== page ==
California Campus Compact and Carnegie Select Faculty for Political Engagement Effort

May, 2007
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San Francisco, CA—California Campus Compact and The Carnegie Foundation for the Advancement of Teaching announce 25 professors to lead the way in preparing college students for participation in political life. The professors, from public and private colleges and universities across California, will be Faculty Fellows in the Service Learning for Political Engagement Program. Each will be responsible for creating, implementing and evaluating courses that use service learning to increase students' understanding, skills and motivation for political participation. Service learning places students in meaningful service to the community and requires reflection on that service, leading to increased learning about academic subject matter, the community and one's self.

With funding from the Corporation for National and Community Service (Learn and Serve America Higher Education), faculty were chosen for their experience connecting teaching and learning to service in the community and their commitment to developing models of service learning that prepare young people for political engagement. They represent a diverse array of academic disciplines, from engineering to political science, from English to agriculture.

Carnegie Senior Scholar Tom Ehrlich, who co-directs the Foundation's Political Engagement Project, explains the rationale behind the Fellows program. "Political participation is necessary for democracy to survive and flourish," Ehrlich said, "yet, political participation by young people, including the college-educated, is distressingly low. Colleges and universities have long claimed a role in educating young people for democracy, but many faculty remain unclear or conflicted about how to do so in ways that are academically rigorous and scrupulously unbiased. These Faculty Fellows will provide models of how to do so."

Elaine Ikeda, executive director of California Campus Compact, an organization of college and university presidents dedicated to promoting community service, civic engagement, and service learning in higher education, noted that service learning is often seen as one way to promote political participation, but that such a goal is just as often missing from service learning projects because it presents so many philosophical and practical dilemmas. "This work is important and complex, which is why we are bringing together the most thoughtful and committed faculty to develop models of service learning that prepare young people for political engagement," she said.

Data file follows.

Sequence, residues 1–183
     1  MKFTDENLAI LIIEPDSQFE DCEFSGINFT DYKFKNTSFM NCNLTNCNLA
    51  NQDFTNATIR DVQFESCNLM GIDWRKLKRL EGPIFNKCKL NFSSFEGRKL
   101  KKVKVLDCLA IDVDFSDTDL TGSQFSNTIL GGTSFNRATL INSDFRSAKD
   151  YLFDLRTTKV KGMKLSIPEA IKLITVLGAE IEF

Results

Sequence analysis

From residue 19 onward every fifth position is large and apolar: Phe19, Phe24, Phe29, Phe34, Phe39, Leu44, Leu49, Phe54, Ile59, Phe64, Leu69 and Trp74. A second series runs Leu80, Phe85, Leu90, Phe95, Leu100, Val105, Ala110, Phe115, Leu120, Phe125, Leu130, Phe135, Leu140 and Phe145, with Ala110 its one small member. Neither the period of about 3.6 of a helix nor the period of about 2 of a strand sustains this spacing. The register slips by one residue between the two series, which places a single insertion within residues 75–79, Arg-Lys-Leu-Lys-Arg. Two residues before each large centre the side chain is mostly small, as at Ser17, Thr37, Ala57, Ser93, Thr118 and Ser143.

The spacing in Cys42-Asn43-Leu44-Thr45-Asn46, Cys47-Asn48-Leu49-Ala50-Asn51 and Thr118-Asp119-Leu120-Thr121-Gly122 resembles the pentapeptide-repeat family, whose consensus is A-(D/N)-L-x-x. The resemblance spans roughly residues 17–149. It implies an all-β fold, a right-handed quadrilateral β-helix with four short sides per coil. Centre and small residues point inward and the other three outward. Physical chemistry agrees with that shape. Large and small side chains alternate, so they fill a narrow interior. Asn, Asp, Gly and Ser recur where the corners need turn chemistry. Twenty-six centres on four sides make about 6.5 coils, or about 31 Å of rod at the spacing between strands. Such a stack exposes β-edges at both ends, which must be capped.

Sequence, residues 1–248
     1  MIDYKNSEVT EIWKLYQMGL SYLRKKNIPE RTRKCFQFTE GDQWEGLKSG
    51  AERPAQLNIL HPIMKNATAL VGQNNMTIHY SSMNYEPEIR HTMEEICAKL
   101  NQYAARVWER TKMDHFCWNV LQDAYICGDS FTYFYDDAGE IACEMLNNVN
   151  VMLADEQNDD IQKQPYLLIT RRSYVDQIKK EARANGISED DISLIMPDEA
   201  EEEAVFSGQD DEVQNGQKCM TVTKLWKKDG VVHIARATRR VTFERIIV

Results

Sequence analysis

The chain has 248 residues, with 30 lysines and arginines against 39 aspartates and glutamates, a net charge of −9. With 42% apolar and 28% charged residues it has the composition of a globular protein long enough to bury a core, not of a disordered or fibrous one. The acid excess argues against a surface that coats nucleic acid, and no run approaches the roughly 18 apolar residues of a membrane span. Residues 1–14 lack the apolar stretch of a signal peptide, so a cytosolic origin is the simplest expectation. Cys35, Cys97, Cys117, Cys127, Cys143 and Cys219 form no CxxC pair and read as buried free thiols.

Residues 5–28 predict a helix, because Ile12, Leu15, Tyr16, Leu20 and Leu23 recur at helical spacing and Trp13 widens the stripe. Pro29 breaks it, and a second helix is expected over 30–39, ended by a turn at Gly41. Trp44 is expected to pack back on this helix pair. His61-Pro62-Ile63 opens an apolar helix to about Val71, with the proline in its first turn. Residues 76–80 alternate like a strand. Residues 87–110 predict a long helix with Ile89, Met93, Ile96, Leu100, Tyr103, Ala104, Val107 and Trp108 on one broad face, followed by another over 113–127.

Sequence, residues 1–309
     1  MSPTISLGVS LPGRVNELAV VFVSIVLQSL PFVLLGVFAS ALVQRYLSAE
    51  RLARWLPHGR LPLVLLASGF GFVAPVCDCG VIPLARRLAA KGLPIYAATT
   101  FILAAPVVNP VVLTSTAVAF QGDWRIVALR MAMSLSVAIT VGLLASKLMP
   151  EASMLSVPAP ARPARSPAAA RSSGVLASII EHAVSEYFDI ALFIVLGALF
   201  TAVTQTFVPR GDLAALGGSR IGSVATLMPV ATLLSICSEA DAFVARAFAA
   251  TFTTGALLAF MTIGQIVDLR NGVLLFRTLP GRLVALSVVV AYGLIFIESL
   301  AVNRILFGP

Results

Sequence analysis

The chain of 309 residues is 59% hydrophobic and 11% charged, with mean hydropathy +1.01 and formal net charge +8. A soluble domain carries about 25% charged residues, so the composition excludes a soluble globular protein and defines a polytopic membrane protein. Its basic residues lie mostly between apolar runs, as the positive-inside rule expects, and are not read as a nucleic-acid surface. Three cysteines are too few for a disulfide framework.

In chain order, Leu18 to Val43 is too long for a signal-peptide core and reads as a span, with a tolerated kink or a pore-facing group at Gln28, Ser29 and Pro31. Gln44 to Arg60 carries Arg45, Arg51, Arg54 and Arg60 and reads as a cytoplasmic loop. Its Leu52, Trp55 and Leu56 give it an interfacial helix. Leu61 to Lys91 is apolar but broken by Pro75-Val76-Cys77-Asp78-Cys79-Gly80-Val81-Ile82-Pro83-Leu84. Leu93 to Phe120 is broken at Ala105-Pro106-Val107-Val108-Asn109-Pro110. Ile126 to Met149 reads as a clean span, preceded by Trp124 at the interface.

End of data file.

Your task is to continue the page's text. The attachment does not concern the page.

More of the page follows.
Faculty members will come together for the first time this summer for a three-day institute at the Carnegie Foundation, where they will begin planning their new courses. They will continue to meet over the next two years to refine their course models, examine student outcomes and share their work with colleagues on campus and across the state and nation.

The 25 faculty members chosen by California Campus Compact and the Carnegie Foundation are:

California Polytechnic State University, San Luis Obispo
Tom Trice, Assistant Professor, History
Lynne Slivovsky, Assistant Professor, Electrical Engineering
California State University, Chico
Lynne Bercaw, Associate Professor, Education
S. Patrick Doyle, Assistant Professor, Agriculture
California State University, Fullerton
Katja Guenther, Assistant Professor, Sociology
California State University, Sacramento
Catherine Gabor, Assistant Professor, English
Greg Kim-Ju, Assistant Professor, Psychology
California State University, Stanislaus
Dave Colnic, Assistant Professor, Politics and Public Administration
Nancy Jean Smith, Professor, Teacher Education
Loyola Marymount University, Los Angeles
Nina Maria Reich, Assistant Professor, Communication Studies
Alicia Partnoy, Associate Professor, Modern Languages and Literatures
Notre Dame de Namur University, Belmont
Don Stannard-Friel, Professor, Psychology/Sociology
Gretchen Wehrle, Associate Professor, Psychology/Sociology
Occidental College, Los Angeles
P. Gabrielle Forman, Professor, English
Caroline Heldman, Assistant Professor, Politics
Pitzer College, Claremont
Kathleen Yep, Assistant Professor, Asian American Studies and Sociology
San Francisco State University
Tiffany Willoughby-Herard, Assistant Professor, Political Science
Santa Clara University
Laura Nichols, Associate Professor, Sociology
University of California, Los Angeles
Jennifer A. Jay, Assistant Professor, Civil and Environmental Engineering
University of the Pacific, Stockton
Marcia Hernandez, Assistant Professor, Sociology
Dari Sylvester, Assistant Professor, Political Science
University of San Diego
Judith Liu, Professor, Sociology
Sandra Sgoutas-Emch, Professor, Psychology
University of San Francisco
Chris Brooks, Assistant Professor, Computer Science
Corey Cook, Assistant Professor, Politics

For additional information, contact Piper McGinley, California Campus Compact at piper@cacampuscompact.org or (415) 405-7577.

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California Campus Compact (CACC) is a membership organization of college and university presidents leading California institutions of higher education in building a statewide collaboration to promote service as a critical component of higher education.

Founded by Andrew Carnegie in 1905 and chartered in 1906 by an act of Congress, The Carnegie Foundation for the Advancement of Teaching is an independent policy and research center with the primary mission "to do and perform all things necessary to encourage, uphold, and dignify the profession of the teacher and the cause of higher education." The improvement of teaching and learning is central to all of the Foundation's work. The Foundation is located in Stanford, Calif.


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